Pets seek local homes for the holidays

Weekend gift fair featured four adoption booths, in addition to gift ideas, miniature theme park

By Dave Kern, Columbian assistant metro editor



On the Web

These animal groups were represented Sunday:

Humane Society for Southwest Washington

West Columbia Gorge Humane Society

Tender Care Animal Rescue

Second Chance Companions

Moe the puppy looked as if he were dreaming Sunday, and maybe that dream was, "All I want for Christmas is a family to adopt me."

The 2-month-old Chihuahua-terrier mix was at one of four adoption booths at the Clark County Holiday Gift Fair at the fairgrounds. Radio station K103-FM sponsored the "Take Me Home for the Holiday" portion of the gift fair.

"We only get about 50 puppies a year," Stacey Graham said as she held Moe. "We get 3,000 kittens." Graham is president of the Humane Society for Southwest Washington, which has its shelter on 192nd Avenue in east Vancouver.

Alas, adoptions were slow on Sunday and Moe was taken back to the shelter. He can be yours for a $350 fee.

"We adopted out four on Saturday," said Shonda Feather, manager of community outreach for the humane society. Those adoptions included Tucker, a 10-year-old black Labrador, and Bryce , a 6-year-old brown tabby cat.

Oh, yes, Justin, a 4-year-old Chihuahua-dachshund mix was adopted by a woman "who had just lost her dog within a few weeks," Feather said.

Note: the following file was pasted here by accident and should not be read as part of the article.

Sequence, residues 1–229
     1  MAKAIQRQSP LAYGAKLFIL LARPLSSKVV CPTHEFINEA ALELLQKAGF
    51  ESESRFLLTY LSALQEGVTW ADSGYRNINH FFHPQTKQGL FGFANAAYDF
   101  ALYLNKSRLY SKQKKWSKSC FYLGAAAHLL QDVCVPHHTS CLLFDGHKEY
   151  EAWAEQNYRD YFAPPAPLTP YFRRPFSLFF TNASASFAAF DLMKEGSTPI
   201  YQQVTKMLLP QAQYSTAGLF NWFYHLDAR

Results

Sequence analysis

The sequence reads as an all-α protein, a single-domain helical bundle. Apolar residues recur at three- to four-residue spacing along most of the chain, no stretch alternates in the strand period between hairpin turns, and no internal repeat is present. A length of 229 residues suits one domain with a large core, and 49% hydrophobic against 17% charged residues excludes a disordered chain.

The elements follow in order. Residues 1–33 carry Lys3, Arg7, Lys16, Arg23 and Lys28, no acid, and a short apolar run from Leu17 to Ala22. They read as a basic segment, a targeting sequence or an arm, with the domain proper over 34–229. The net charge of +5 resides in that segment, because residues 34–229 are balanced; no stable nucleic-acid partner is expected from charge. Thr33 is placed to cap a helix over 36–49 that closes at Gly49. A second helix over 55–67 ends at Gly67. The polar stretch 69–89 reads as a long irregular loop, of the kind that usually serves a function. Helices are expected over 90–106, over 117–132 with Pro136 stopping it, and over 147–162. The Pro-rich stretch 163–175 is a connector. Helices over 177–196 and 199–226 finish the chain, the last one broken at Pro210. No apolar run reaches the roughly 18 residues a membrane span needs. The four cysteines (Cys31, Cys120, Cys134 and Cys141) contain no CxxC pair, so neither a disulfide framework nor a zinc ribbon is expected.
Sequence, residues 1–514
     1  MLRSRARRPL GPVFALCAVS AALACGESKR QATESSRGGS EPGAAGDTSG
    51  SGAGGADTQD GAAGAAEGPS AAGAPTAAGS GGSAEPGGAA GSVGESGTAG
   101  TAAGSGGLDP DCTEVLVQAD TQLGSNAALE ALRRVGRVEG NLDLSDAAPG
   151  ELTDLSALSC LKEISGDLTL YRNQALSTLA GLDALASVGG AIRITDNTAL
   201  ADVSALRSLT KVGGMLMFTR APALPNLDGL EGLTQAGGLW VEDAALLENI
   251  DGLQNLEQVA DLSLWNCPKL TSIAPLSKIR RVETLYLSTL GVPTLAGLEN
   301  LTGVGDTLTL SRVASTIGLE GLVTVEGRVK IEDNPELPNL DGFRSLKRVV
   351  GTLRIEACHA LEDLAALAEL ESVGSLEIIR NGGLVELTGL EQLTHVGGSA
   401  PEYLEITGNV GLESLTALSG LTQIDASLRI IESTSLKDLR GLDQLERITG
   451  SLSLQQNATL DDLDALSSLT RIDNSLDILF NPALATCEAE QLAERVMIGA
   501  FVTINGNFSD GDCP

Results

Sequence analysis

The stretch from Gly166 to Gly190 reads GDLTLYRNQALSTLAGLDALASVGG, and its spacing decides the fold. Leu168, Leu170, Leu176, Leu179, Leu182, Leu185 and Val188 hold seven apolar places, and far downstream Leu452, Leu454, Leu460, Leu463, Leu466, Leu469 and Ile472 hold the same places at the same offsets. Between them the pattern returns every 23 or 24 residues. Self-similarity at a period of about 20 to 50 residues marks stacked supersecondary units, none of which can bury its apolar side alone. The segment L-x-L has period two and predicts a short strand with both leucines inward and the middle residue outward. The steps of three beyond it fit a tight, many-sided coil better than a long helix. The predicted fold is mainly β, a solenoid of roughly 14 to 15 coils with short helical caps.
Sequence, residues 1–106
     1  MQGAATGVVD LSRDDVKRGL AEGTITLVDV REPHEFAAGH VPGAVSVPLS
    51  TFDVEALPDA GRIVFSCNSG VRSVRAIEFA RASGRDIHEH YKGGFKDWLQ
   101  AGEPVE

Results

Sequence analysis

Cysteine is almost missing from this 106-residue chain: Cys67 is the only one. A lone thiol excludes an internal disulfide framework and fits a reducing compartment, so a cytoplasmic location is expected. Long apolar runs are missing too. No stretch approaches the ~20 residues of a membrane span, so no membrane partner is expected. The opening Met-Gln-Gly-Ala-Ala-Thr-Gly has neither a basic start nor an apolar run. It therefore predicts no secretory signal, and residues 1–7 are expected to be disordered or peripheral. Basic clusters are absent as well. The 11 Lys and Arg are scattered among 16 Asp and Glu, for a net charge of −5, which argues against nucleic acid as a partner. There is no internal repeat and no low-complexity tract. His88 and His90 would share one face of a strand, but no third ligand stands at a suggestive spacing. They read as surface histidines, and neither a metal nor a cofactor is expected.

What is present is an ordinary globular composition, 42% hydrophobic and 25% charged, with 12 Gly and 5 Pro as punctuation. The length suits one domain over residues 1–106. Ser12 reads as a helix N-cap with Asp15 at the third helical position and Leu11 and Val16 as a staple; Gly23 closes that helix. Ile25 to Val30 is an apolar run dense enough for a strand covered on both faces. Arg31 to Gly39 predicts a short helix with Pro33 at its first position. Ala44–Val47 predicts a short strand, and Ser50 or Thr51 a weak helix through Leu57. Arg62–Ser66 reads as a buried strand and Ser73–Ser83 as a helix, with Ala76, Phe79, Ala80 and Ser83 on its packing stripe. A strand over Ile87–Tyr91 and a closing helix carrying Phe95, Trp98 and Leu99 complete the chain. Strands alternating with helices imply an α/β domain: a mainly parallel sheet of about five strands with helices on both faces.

There were more than 100 booths at the fair and lots of holiday entertainment. And organizers kept in mind the hungry in Clark County as volunteers collected food and money for the Clark County Food Bank.

In fact, the Y.E.A.H. (Youth Effort Against Hunger) volunteers were out in force during the three-day fair.

"It's so simple to give back to the community," said volunteer Diane Richards of the Twisted Whiskers 4-H Club. Her daughters, Randi, 14, ad Jordyn, 10, were helping. The family is from Ridgefield.

"It's nice knowing I'm helping out some people," said Randi, a 4-Her.

"It's been a lot of fun," added Kajsa Winther, 16, also a 4-Her who lives in Washougal. "I know a lot of kids my age don't do a lot of volunteering."

Kajsa's mom, Timmi Winther, said at least $400 was donated to the food bank on Sunday and Saturday's donations probably hit $1,000.

Sales looked slow at some booths Sunday afternoon, but Carroll Hayden, 74, was smiling at his spot.

Hayden of east Vancouver was showing his Funzville Miniature Theme Park, complete with an HO scale trolley. He collects "Mr Christmas World's Fair" miniature amusement rides.

His setup has 12 rides including a Ferris wheel, bumper cars, roller coaster, merry-go-round and parachute drop.

Hayden worked for years at Washington State University at Pullman in activities and recreation. He was the guy who arranged for big-name entertainers to come to campus."I was in entertainment almost my entire career at WSU," he said.

So, he volunteers to bring his carnival to events, which he called his retirement hobby. He doesn't sell anything, just hopes for smiles.

"They've got Christmas music in them," he explained. "Each ride has at least 15 Christmas carols, some up to 25."

He said people look at the carnival and say, "Wow, this is neat."

"I feel it's a kid magnet for all ages," Hayden said.